Jack Kemp

Sitting right alongside the Fifth Amendment and the Supreme Court's interpretation of it in its Miranda decision, Section 1001 makes it a crime to "knowingly and willfully make any materially false, fictitious or fraudulent statement or representation in any matter within the jurisdiction of the executive, legislative or judicial branch of the United States," even if you are not under oath. The sweep of Section 1001 and the unchecked discretion it gives to federal prosecutors are awesome.

Insider-trading regulations are so broad and vague that if someone comes to learn more than others about information relating to a particular firm or industry, then the Securities and Exchange Commission is perfectly able to rule that possessing - and acting upon - that knowledge is a crime. That's why it is impossible to draw a line around what is and isn't permissible under the regulations, which leaves anyone engaged in business open to the arbitrary whim of federal prosecutors.

Even though the federal government's indictment does not charge Stewart with the underlying insider-trading crime for which she was originally investigated, it is charging her under Section 1001 for lying to the FBI and the SEC during its investigation of those charges. On top of that, the federal government charges her with securities fraud for public statements she and her attorney made proclaiming her innocence of insider trading in efforts to halt the decline of her company's stock price.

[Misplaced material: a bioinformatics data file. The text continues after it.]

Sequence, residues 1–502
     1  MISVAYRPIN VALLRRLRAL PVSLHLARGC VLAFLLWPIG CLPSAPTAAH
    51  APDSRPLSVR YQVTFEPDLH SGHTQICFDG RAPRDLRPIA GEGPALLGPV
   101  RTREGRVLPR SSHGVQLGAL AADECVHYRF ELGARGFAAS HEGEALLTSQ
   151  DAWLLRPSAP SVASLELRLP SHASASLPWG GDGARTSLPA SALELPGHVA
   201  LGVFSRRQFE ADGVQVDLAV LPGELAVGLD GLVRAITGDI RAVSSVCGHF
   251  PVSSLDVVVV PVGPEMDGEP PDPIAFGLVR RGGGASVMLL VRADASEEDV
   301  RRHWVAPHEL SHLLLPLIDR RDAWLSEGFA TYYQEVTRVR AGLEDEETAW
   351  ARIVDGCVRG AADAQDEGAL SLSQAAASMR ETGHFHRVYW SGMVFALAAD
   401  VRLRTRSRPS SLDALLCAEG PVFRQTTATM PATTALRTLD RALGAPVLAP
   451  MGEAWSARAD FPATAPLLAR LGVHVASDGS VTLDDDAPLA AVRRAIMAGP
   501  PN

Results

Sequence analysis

I am not soft on corporate wrongdoers, and I agree with Michael Novak that "corporate corruption is a poison dart aimed right at the heart of capitalism." (In the spirit of full disclosure, it also should be known that I co-founded and chair Corporate Diagnostics, a firm that advises public and private company executives and their boards on the development of practical strategies and solutions to highly complex business issues.)

By the same token, rogue prosecutors are poison darts aimed right at the heart of our democracy. It's time for Congress to rein them in.

First, Congress should reform insider-trading laws. Second, Congress should tightly circumscribe prosecutors' ability to bring charges under Section 1001. The practice of intimidating and harassing individuals into violating Section 1001 should be stopped. The only way a person should be charged under Section 1001 is if he or she is also charged with the underlying crime that triggered the original investigation during which the alleged false statement or representation was made.

Third, government authorities should never be permitted to scare people into giving up their constitutional right to silence. Therefore, Congress should outlaw all statements by authorities relating to a person's refusal to talk, and the showing that any such statement occurred should ipso facto be considered intimidation and not only preclude the bringing of a Section 1001 charge against the person but also automatically trigger sanctions, and perhaps prosecution, of the government official who engaged in the intimidation. These would all be very good things for freedom.


Jack Kemp

Jack Kemp is Founder and Chairman of Kemp Partners and a contributing columnist to Townhall.com.
 
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